The last three decades have seen an important surge of the non-governmental sector in the provision of foreign aid. Using NGOs to deliver aid can be a solution to bypass corrupt authorities, avoiding that aid resources are captured by local elites. However NGOs may also act as surrogates for governmental provision of public goods. This implies that citizens make their own governments less accountable. In democratic countries, this can reduce electoral support for provision of public services by the state and harm the poor that don't directly benefit from the NGOs' projects. We develop a theoretical model of vote over public finances to analytically characterise the effect of decentralised aid on welfare. We find that non-governmental aid can harm the poor, weaken governance and aggravate inequalities by crowding-out governmental expenditures. These inefficiencies occur even in a flawless institutional context. We also find that the crowding-out effect can be mitigated if NGOs target countries with low income inequalities or by focusing on humanitarian-oriented missions.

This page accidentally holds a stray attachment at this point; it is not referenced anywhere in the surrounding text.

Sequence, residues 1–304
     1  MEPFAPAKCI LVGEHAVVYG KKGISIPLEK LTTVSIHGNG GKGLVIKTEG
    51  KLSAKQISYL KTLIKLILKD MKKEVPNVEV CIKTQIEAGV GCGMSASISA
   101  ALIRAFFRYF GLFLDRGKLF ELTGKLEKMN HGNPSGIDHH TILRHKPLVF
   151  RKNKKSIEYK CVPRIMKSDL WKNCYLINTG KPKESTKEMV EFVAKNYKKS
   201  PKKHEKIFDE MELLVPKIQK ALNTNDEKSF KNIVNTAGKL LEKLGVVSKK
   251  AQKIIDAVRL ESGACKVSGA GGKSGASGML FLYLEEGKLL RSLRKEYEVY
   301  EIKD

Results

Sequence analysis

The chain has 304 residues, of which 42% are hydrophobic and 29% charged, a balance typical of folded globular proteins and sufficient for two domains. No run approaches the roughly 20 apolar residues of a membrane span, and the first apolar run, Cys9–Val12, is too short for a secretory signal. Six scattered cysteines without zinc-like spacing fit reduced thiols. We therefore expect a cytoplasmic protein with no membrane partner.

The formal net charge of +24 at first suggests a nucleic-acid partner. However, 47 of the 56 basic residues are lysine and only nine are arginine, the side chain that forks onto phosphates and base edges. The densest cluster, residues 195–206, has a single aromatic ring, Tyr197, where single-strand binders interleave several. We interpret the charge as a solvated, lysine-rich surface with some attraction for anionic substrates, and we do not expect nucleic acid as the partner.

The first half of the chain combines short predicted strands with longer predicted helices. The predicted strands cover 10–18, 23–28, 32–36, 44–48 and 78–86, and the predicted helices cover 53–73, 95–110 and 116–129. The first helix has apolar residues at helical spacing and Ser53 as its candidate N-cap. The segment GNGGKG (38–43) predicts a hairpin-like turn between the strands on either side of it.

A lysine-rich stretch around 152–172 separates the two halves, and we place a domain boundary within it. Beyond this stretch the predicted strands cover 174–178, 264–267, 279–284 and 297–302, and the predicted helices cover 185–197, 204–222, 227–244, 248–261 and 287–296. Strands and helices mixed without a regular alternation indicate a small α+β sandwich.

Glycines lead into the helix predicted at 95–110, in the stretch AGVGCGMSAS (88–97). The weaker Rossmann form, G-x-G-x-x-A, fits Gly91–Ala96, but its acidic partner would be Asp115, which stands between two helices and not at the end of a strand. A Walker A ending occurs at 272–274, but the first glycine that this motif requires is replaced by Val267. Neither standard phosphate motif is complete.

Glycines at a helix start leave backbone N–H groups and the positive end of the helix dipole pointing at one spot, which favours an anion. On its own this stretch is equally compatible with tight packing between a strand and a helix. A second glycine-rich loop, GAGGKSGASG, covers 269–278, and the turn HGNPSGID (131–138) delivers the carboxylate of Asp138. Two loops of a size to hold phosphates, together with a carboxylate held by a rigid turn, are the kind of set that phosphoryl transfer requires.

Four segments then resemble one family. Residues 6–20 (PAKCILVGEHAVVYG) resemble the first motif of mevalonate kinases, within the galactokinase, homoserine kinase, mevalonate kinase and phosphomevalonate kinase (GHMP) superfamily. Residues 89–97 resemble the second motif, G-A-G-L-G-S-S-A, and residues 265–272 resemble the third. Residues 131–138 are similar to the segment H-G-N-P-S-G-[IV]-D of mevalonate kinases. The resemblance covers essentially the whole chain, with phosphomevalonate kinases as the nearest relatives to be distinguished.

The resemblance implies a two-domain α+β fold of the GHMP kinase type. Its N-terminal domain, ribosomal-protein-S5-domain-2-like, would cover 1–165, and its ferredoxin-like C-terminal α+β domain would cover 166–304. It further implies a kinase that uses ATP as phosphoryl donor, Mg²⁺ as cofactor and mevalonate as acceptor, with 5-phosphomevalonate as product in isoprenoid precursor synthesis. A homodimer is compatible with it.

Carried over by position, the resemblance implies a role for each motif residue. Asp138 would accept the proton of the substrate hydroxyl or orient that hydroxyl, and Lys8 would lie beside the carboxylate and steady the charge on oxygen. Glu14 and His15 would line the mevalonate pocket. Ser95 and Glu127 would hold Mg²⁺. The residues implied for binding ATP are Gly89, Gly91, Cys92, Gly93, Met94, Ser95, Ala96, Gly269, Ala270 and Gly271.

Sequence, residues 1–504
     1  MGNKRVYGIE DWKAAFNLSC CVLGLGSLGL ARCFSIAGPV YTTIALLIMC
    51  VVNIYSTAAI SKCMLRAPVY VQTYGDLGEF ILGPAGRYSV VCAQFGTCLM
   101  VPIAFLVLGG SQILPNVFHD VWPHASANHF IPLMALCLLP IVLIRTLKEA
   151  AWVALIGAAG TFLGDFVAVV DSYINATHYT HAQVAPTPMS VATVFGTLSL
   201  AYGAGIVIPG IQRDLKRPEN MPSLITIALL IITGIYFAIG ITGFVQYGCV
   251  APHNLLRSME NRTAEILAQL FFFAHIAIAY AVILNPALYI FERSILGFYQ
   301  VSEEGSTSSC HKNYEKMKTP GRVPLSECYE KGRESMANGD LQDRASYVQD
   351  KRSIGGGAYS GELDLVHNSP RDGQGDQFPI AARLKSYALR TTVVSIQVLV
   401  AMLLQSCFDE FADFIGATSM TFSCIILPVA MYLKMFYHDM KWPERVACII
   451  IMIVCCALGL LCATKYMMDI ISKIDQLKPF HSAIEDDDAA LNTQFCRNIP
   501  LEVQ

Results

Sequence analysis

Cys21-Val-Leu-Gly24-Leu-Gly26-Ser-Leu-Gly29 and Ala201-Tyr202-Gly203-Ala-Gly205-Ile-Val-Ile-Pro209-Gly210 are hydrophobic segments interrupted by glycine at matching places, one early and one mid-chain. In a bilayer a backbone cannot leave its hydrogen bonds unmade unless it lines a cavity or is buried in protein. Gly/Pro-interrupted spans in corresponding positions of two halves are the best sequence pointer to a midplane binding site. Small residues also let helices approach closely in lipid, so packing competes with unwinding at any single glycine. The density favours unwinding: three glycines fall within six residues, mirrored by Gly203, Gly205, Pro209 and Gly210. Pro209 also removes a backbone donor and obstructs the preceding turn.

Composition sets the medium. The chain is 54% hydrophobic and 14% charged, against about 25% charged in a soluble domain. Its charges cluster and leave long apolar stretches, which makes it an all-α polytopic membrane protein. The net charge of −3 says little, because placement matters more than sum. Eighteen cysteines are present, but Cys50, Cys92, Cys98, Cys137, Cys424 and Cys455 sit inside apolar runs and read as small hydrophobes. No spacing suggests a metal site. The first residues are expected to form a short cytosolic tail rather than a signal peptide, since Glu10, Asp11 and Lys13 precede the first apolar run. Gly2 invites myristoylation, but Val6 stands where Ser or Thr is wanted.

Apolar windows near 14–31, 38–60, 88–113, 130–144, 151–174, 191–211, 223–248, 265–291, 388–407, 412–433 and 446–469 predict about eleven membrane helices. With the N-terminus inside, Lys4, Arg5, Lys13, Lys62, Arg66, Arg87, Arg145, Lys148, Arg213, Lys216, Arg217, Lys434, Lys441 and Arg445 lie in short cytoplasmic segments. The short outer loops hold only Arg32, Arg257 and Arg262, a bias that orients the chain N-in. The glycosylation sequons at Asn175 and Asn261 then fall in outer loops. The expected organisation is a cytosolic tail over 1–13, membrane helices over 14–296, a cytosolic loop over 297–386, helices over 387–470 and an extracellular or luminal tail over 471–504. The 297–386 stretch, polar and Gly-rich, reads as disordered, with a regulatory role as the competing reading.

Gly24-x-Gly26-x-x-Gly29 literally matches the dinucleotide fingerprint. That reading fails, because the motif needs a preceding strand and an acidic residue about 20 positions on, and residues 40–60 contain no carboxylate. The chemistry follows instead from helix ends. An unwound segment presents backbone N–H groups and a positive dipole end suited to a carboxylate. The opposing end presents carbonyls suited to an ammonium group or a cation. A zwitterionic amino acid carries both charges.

|Etat de la publication
|Publié - 2012